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The only answer to the question: “How do you do it all?”


It’s a question I get a lot from industry peers and friends:

“How do you do it all?”

It’s the same question I ask of people like my friend, Natalie Bushaw, who leads PR for Life Time Fitness, has two growing boys, volunteers on multiple boards of directors and has about 435 other things in the hopper each week.



It’s the same question I ask of people like Nora Purmort, who has a book coming out, writes for every publication now from Elle to HuffPo. And, oh, by the way, she’s raising a small human completely on her own.

It’s the same question I used to ask of pretty much any senior leader in the PR world. Days full of meetings. New business pitches. Families. Basketball tournaments. There was seemingly no end to the list.

I get the question, most likely, because, on the surface, I probably appear quite busy.

  • Running a consulting business on my own–going on year seven.
  • Volunteering for professional organizations like MIMA (and PRSA, in the past)
  • Writing this blog (two to three posts a week) and my weekly e-newsletter, Talking Points
  • Helping produce the bi-weekly Talking Points Podcast with my friend Kevin Hunt
  • Leading a monthly Corporate Communicator Mastermind Group
  • Co-leading another new Mastermind Group with MIMA (and Traci Elder)
  • Attempting to raise two small children
  • Attempting to be a somewhat competent husband
  • Attempting to be a somewhat helpful, and fun, friend
  • Attempting to be a good son, brother, brother-in-law, and uncle.

I’m just going to stop right there because, man, I’m just getting tired looking at that list.

So, how do I do it all?

Here’s the secret: I don’t. I definitely don’t.

And, that’s the same answer you’ll get (or SHOULD get) from every person you ask that question of.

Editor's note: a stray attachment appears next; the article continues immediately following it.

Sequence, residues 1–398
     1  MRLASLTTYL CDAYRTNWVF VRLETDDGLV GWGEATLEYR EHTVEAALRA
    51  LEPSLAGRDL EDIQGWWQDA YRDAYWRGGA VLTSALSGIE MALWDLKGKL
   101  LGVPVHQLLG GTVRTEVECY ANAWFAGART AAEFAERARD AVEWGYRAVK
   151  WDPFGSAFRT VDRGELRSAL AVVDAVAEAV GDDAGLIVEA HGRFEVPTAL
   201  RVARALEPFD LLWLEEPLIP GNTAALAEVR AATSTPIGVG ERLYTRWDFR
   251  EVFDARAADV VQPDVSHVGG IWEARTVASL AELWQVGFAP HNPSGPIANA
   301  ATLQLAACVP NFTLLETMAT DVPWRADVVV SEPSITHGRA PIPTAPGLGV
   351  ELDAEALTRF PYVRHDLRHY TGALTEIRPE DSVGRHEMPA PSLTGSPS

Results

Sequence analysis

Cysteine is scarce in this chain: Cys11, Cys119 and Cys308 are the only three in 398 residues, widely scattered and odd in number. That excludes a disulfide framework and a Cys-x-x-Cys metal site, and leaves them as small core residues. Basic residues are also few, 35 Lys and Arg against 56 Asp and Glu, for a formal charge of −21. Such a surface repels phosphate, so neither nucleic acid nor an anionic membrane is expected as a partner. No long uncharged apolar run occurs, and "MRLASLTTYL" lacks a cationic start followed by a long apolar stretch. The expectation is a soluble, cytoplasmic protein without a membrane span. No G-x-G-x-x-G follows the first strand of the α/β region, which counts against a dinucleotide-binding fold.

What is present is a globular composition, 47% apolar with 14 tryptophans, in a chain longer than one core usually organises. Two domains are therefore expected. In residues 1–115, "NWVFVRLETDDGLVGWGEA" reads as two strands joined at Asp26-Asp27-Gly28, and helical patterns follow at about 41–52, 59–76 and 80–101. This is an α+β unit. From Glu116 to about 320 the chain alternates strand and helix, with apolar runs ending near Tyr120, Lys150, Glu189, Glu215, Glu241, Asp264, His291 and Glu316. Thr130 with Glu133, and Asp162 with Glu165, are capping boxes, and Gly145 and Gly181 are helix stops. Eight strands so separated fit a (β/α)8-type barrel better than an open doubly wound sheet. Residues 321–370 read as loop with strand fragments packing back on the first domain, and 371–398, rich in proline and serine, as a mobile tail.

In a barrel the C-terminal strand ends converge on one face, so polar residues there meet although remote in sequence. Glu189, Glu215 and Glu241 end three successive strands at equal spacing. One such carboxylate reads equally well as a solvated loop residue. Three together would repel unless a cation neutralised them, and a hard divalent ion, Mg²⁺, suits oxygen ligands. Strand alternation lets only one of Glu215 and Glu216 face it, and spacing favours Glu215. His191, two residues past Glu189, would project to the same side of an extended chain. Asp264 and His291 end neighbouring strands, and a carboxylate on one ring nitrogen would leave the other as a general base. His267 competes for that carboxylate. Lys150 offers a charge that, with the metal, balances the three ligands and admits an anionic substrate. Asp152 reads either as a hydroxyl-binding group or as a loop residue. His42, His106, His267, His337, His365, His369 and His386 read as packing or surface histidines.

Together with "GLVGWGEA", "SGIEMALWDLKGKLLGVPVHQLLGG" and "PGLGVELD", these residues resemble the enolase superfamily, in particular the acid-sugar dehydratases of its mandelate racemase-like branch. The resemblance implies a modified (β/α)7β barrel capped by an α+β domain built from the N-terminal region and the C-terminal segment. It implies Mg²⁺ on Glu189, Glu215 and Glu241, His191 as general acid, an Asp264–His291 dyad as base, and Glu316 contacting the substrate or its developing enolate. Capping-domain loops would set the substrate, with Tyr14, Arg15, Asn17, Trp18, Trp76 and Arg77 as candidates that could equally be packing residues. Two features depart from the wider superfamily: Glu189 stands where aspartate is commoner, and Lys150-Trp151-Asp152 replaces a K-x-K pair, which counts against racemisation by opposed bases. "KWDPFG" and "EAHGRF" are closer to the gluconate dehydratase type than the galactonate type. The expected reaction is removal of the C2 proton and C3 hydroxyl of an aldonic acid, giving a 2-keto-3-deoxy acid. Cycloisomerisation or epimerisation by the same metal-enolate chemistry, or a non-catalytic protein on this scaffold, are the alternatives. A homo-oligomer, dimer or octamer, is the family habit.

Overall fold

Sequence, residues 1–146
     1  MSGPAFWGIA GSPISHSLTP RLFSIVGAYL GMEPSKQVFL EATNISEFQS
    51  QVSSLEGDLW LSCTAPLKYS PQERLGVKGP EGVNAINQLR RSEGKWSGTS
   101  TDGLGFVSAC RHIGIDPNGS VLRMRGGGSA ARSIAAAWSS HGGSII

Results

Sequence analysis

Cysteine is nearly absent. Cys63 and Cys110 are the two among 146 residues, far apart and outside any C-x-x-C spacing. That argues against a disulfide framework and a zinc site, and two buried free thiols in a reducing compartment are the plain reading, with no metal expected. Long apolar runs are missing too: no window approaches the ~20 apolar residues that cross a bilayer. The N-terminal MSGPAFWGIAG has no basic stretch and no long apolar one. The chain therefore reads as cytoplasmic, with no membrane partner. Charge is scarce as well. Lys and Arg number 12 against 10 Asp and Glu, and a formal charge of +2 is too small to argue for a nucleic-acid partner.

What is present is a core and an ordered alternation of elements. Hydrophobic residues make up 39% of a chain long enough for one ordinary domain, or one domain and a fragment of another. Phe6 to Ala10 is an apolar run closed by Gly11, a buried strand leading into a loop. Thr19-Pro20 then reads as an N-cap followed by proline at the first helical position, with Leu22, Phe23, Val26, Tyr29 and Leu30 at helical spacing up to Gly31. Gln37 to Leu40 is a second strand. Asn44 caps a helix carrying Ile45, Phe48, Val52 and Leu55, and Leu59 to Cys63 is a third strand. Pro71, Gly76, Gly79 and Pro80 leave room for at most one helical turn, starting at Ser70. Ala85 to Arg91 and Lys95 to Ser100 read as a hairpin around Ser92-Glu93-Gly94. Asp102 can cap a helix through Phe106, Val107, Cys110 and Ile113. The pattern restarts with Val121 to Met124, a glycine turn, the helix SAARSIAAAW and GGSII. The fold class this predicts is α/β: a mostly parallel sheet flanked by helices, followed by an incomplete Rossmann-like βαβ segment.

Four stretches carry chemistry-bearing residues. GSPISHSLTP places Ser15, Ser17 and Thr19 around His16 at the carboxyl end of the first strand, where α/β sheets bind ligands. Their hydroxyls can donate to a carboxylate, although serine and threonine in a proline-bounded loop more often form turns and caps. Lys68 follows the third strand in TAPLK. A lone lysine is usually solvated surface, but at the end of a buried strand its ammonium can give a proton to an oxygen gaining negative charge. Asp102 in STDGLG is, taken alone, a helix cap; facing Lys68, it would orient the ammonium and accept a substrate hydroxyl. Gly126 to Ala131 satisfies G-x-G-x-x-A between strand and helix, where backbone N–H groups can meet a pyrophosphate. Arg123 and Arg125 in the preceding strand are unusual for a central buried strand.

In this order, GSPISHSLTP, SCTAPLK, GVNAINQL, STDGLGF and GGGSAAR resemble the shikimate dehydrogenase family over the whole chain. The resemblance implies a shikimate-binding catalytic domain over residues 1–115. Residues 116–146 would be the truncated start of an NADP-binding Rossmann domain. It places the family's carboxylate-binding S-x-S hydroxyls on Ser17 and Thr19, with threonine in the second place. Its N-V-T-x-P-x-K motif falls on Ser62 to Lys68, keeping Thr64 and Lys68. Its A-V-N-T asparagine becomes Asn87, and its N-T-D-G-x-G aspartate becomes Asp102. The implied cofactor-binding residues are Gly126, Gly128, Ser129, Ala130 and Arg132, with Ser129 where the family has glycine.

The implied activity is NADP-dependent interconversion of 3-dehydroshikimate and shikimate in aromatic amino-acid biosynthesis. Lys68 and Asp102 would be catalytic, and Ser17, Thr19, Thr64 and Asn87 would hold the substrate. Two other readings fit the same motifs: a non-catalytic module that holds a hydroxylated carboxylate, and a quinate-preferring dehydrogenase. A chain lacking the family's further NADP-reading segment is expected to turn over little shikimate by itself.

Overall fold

Because, you simply can’t do it all. You might have a lot of your plate. You might appear to be busy (and you probably are). You might be crushing it.

But, if you’re crushing it in one area of your life, another piece of your life is probably suffering.

I’ll give you a personal example.

Six to seven years ago when I was getting my business off the ground, I was very involved with social media. I blogged routinely. I checked Twitter incessantly. I Facebooked. I organized social media conferences. I was seemingly everywhere. And, that was good for me, and the business I was working so hard to create.

But, as a result, my family ties suffered a bit. I wasn’t as present at home. My kids were little at the time (2 and 4), so I could get away with it a little. But, I’ll admit, things weren’t great.

Fast forward to today. I’m not a power social media user anymore. I only blog twice a week. I produce an e-newsletter, sure–but it really only takes me 15 minutes to do it each week. I produce a bi-weekly podcast, but my partner, Kevin Hunt, does most of the legwork. You won’t find me on Twitter or Instagram that much, or Facebook for that matter. Because my life is different. My son is playing traveling basketball, which requires a lot more time. Both my kids stay up later (which cuts into work and social media time). Bottom line: I just need–and want–to be around a lot more.

Does this mean work is dropping off? No. But, it does mean my social media usage is lacking.

So, I would hardly say I’m “doing it all” right now. Instead, I would say I’m prioritizing.

Another example. I recently slipped off the MIMA board of directors, which I had sat on the previous two years. I had a great time on the board. I met a ton of people. I loved the work. But, it was taking a lot of time away from my family. Events in the evenings. Board meetings. It all added up. So, I took myself out. I prioritized.

No one “does it all.” It might seem like they are, but believe me, they aren’t. You don’t really see every part of everyone’s lives (even your good friends, in some cases). We’re all just trying to get by. One day at a time.



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